Wired – Accuracy in Reporting

wired-accuracy1One of the most annoying things for me is the lack of accuracy in news reports. This morning I was following the launch of the SpaceX spacecraft that was postponed until Friday. As I was reviewing the news reports I came across an article titled “SpaceX Will Try to Land a Rocket on a Barge on Friday” by Emily Dreyfuss on Wired. It caught my attention because the title and the article stated that SpaceX “will try to land a rocket on a barge.”

As I read further, the article stated, “the unmanned Falcon 9 spacecraft will first head to the International Space Station, delivering supplies and equipment, but then it’s going to do something never done before: try to come back and touch down safely on a barge in the Atlantic ocean.”

Wow, I thought to myself, the spacecraft would fly to the space station, deliver its cargo and return to Earth to be reused again. That has been the dream for all space enthusiasts for years – a reusable spacecraft. However, I knew the truth because I follow the space programs but unfortunately, most people who read the article would not readily understand the actual significance.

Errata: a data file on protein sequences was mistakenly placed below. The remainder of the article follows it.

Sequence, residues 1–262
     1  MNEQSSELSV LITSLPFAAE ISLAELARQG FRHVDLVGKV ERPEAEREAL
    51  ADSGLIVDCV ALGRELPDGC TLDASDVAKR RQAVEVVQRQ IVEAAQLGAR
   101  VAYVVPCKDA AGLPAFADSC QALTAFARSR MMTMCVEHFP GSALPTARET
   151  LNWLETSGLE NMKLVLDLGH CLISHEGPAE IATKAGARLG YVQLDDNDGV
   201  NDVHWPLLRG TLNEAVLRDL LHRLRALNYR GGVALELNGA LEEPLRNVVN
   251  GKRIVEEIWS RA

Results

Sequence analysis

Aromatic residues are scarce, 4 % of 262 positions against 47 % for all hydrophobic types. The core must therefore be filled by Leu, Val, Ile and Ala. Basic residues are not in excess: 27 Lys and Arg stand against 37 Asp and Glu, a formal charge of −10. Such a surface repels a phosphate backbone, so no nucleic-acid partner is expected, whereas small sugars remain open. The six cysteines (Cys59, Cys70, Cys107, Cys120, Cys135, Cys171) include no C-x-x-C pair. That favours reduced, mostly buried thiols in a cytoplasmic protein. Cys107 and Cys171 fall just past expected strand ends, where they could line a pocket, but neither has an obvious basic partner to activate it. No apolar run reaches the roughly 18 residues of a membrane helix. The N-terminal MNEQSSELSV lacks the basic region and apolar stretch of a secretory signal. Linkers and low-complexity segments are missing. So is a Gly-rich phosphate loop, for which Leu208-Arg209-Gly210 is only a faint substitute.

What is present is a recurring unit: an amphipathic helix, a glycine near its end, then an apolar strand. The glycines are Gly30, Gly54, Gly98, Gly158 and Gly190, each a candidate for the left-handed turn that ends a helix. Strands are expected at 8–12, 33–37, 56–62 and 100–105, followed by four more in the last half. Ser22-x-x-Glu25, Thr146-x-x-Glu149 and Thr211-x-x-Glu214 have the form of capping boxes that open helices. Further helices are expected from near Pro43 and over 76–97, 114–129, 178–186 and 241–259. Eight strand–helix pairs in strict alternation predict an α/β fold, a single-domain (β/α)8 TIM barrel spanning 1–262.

In reality, what is expected to happen is that the first stage of the rocket will never leave Earth but instead take the cargo closer to orbit and then return to Earth in an attempted landing on the barge. The rocket engines will be reusable, not the whole spacecraft.

Whether Dreyfuss’ mistake is because of her lack of a clear understanding of the subject matter, she is writing about or because of confusion from her sources is irrelevant because her writing should be as accurate as possible. Her article leaves the impression that we are much further along in space exploration then where we really are.

It is important to note that what SpaceX is attempting to achieve is significant, however, Emily’s article should be corrected for accuracy. Only the first-stage of the rocket will be landing on the barge, a part not expected to leave Earth. We still have a long way to go before we truly have reusable spacecraft.

Update on January 6, 2015 at 15:37 ET: Emily Drefuss let me know that she had corrected her article.

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